• Beat the teacher!: Write a paragraph based on the previous lesson but containing mistakes. Pupils need to find the mistakes and correct them.

Develop a knowledge organiser

A knowledge organiser which outlines the essential knowledge required for a specific unit of work. It can support the learning of foundational concepts because:

  • It provides a reference point for pupils to continuously refer back to.
  • It provides the essential contextual knowledge (i.e. definitions and key words) required to access the learning.

Knowledge organisers can be helpful for teachers as well as pupils – the process of developing a knowledge organiser can be an effective way for you to decide what the foundational knowledge/concepts in your subject or current topic are.

An example of a knowledge organiser for history:

  • A one-page document, including:
    • Key dates
    • Key vocabulary and definitions
    • Key individuals
    • Other pertinent information such as legislation relevant to the period being studied, e.g. The Elizabethan Poor Law.

The use of the organiser needs to be integrated into your lessons. For example:

  • Train the pupils in how to learn the material. Be explicit about the fact that learning information organised in different ways will help them to remember it. 
  • Use it as an aid for homework, e.g. “Learn section 1 of your knowledge organiser for homework.” Test the pupils on the knowledge in the next lesson.
  • You can also use it to track whether pupils have secured the foundational concepts and knowledge before moving on, e.g. pupils highlight green when they have successfully learned an aspect. 
  • Use it as an aid for retrieval within lessons.
  • The knowledge organiser needs to be presented in such a way that further organisation of it could take place by pupils.

Read more about knowledge organisers here: https://my.chartered.college/2019/05/organising-knowledge-the-purpose-and-pedagogy-of-knowledge-organisers/

Reviewing and reflecting on a sequence of lessons

Dedicating time to review and reflect upon lessons you teach will give you information which will help you become a better teacher. Take some time to carefully consider the way you sequenced your lessons. Ask yourself:

  • How well prepared was I to teach this sequence of lessons? (Did I do pre-reading? etc.) What would I do differently next time?
  • Did the way I sequenced the lessons work? Did the pupils acquire the fundamental knowledge, concepts and skills that I wanted them to by the end of the sequence? If not, why not? Would I change anything about the sequencing next time? Why?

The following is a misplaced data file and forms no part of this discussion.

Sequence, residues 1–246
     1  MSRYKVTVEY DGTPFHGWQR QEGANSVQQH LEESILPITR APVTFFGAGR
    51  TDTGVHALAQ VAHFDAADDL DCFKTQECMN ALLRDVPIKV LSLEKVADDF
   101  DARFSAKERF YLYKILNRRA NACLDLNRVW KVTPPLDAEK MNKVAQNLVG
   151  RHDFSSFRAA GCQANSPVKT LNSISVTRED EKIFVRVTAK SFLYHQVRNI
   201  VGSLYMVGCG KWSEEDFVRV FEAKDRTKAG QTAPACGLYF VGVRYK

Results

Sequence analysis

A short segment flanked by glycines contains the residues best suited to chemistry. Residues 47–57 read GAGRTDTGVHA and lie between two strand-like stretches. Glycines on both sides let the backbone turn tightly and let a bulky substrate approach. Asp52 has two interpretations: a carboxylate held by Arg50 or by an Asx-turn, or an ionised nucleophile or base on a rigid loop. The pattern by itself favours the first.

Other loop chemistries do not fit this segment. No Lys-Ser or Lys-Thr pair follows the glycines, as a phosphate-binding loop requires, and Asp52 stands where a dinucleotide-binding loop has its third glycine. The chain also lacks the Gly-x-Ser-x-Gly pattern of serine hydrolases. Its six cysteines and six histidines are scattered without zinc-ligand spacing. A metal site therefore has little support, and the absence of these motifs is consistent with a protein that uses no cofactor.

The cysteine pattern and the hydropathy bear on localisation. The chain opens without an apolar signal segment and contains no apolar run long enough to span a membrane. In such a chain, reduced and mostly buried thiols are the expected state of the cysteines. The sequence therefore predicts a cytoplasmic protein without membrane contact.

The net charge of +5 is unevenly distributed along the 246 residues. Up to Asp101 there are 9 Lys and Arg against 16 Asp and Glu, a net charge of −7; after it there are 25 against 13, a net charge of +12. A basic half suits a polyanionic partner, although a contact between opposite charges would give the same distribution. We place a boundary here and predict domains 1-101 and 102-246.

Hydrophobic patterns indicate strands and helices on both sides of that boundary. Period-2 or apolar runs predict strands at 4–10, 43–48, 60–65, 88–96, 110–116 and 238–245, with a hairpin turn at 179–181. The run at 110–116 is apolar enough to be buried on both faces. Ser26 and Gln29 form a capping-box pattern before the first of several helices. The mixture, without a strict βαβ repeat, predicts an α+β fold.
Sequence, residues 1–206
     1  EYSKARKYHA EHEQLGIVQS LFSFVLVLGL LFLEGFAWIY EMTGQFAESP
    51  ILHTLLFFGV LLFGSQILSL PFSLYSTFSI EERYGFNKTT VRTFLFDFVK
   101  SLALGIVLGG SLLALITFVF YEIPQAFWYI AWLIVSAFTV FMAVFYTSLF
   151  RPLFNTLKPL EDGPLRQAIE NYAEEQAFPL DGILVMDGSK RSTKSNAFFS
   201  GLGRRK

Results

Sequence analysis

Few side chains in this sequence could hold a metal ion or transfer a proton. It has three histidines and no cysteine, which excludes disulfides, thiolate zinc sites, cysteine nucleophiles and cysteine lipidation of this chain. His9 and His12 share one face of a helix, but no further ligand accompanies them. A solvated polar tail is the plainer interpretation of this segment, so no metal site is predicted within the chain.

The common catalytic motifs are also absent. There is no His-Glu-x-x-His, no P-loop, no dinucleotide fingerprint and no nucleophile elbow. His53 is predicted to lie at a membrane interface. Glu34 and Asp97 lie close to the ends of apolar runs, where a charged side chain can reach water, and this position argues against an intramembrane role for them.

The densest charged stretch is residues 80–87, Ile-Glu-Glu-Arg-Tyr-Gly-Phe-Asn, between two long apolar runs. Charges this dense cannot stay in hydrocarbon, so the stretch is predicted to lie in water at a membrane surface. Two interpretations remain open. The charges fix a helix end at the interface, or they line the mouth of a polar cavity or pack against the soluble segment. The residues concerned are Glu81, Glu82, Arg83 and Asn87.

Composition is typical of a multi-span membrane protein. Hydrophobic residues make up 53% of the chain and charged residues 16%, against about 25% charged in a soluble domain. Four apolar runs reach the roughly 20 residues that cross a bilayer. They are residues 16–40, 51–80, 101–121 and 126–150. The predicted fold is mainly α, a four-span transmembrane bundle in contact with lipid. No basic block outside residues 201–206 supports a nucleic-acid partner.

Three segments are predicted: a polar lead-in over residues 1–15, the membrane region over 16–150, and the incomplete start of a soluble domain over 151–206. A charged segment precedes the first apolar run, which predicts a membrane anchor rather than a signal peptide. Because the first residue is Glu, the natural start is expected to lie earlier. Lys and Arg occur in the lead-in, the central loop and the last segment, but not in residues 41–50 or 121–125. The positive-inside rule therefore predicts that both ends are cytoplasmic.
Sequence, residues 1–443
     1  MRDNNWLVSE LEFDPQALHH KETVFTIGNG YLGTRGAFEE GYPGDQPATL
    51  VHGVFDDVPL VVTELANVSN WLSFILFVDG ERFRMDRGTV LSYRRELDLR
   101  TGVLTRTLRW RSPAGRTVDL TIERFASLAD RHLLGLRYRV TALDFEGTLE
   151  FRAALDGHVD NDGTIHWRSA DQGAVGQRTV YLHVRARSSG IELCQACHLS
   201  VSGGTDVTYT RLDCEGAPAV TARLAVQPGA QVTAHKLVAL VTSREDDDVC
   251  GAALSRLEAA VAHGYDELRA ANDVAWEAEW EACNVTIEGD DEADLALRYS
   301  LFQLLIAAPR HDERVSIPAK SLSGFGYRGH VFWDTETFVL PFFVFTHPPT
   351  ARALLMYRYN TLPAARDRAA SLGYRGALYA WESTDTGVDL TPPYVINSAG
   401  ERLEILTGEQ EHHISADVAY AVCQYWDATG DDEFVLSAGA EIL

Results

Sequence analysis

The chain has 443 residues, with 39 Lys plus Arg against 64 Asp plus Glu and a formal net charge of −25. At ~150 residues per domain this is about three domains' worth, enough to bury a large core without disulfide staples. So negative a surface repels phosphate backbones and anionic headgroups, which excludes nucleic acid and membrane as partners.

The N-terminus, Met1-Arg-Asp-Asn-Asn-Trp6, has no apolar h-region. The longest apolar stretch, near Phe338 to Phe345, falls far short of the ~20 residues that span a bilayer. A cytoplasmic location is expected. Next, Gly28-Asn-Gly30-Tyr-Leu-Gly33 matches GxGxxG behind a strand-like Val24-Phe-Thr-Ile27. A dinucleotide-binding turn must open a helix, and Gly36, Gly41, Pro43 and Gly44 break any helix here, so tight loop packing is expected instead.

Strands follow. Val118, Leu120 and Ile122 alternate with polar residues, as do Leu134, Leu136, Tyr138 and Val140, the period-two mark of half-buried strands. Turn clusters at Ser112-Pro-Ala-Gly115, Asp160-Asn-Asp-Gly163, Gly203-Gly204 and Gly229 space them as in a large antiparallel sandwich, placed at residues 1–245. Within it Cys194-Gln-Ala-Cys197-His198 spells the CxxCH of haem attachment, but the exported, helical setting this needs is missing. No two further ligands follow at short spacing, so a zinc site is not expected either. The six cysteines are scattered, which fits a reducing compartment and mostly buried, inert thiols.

In your notepad – reflect on your practice…

  • Which idea(s) for practice did you try?
  • What did you do?
  • What happened?
  • What will you do next?

 

Area 3: Explicit teaching of subject-specific knowledge and skills

By trying this activity, you will…

Learn that:

3.5 Explicitly teaching pupils the knowledge and skills they need to succeed within particular subject areas is beneficial.

If this is happening in your classroom, you will see…

  • Pupils who can connect what they are learning to prior learning.
  • Pupils who are clear on what they need to do.
  • Pupils who are able to give subject-specific explanations and examples.

Practice…

Reflecting on quality explicit teaching

Ask a peer or your mentor to observe you teaching. As an alternative, you could find a colleague to observe and time them. Ensure you are clear on the purpose of the observation and what you are there to do.

Keep a note of when the teacher explicitly teaches the knowledge or skills pupils need. This might be through:

  • Quality explanations
  • Giving examples, modelling or using illustrations
  • Discussing or teaching vocabulary

Note down:

  • What did the teacher do / say?
  • What resources / examples did they use?
  • What was the impact on the learning after the explicit teaching moment? How did it affect pupils learning?

Reflect on the following at the end of the lesson:

  • Was enough explicit input provided to pupils to help them succeed in the lesson? What evidence was there of this?
  • Were the explanations high-quality? How did they support pupils to understand the key concepts?